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Every UK government minister with responsibility for digital, data and technology policies lost their job as a result of prime minister Boris Johnson's latest Cabinet reshuffle.
At the Department for Digital, Culture, Media and Sport (DCMS), John Whittingdale, formerly minister for media and data, was removed from his post and said on his Twitter account: “I am sorry to be stepping down as minister for media and data and saying goodbye to a great team of ministers and officials. It has been a privilege to play a part in shaping the future of UK public service broadcasting and in reforming our data laws using our new Brexit freedom.”
On 10 September, Whittingdale had tweeted about his pride in the National Data Strategy on its first anniversary. Guidance for the National Data Strategy was originally published in July 2019, when Theresa May was prime minister.
The National Data Strategy Forum, of which Whittingdale was co-chair, was announced in May 2021 as part of a government response to a consultation on the National Data Strategy held in late 2020.
On 22 June, Whittingdale and Sue Daley, director of innovation and technology at TechUK, co-chaired the first National Data Strategy Forum virtual discussion.
This reportedly convoked a “diverse group from across the UK’s data ecosystem, including business leaders, civil society leaders and data experts”. It approved five workstreams for the Forum, covering such topics as “unlocking the power of data”, using data to achieve net-zero carbon emissions, and “mapping stakeholder activity across the data ecosystem”.
Whittingdale had also been responsible for the recently announced consultation to reform the UK's data protection laws.
Also at DCMS, digital infrastructure minister Matt Warman, who was responsible for policy on broadband, mobile networks and digital identity, has been sent to the backbenches. On Twitter, Warman said: "Ministers have a huge opportunity to change our great country for the better. It’s been an honour to serve the government as a whip and to improve our broadband, address cyber threats and grow the digital economy. I look forward to doing all I can on that and more from the backbenches."
Caroline Dinenage, who was appointed minister of state for digital and culture in DCMS on 13 February 2020 in an earlier reshuffle, has also been sacked.
At Cabinet level, Nadine Dorries is taking over from Oliver Dowden as secretary of state for digital, culture, media and sport. Dowden is now minister without portfolio and co-chairman of the Conservative Party. According to Institute for Government associate Gavin Freeguard, Dorries is the tenth DCMS secretary of state in the last 11 years.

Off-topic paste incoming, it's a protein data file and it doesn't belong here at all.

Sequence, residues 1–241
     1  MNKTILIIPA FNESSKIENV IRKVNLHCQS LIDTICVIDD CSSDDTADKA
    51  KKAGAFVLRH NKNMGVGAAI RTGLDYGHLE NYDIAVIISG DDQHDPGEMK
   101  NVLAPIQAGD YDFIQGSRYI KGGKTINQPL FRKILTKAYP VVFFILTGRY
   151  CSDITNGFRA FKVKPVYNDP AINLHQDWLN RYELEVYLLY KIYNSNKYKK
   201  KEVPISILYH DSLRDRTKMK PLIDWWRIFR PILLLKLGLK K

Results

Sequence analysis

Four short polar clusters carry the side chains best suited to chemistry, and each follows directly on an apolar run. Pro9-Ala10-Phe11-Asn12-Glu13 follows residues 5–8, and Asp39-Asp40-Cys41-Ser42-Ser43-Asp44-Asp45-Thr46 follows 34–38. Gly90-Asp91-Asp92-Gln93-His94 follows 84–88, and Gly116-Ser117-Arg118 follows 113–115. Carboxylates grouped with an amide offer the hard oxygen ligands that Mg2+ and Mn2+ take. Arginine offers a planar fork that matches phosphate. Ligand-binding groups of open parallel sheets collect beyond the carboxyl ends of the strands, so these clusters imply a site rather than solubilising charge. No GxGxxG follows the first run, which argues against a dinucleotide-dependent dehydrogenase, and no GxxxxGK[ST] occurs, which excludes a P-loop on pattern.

Meanwhile, Julia Lopez, who had had ministerial responsibility for digital government at the Cabinet Office, has moved to DCMS as a minister of state, although her portfolio has yet to be confirmed.
Johnson took away responsibility for government use of data from DCMS and gave it to the Cabinet Office in July 2020, just as Parliament was packing its bags for the summer recess.
At a TechUK Building the Smarter State event in September 2020, Lopez, as parliamentary secretary to the Cabinet and the minister responsible for the Government Digital Service (GDS) and Whitehall’s digital, data and technology (DDaT) function, spoke about that decision.
She said civil service reform was critical to defragmenting online government services, and part of that reform was the new division of labour between the Cabinet Office and DCMS – a “divide and conquer” approach, she said. “Responsibility for government data now sits with GDS and the Cabinet Office, while DCMS will boost the digital economy more widely,” she added.
Michael Gove, formerly Cabinet Office minister, has also moved to become secretary of state at the Department for Housing, Communities and Local Government. While at the Cabinet Office, he led plans to mandate use of a proposed new digital identity system for users logging in to the Gov.uk website.
Gove has been replaced at the Cabinet Office by former chief secretary to the Treasury, Steve Barclay. Responsibility for digital government within the department has yet to be confirmed.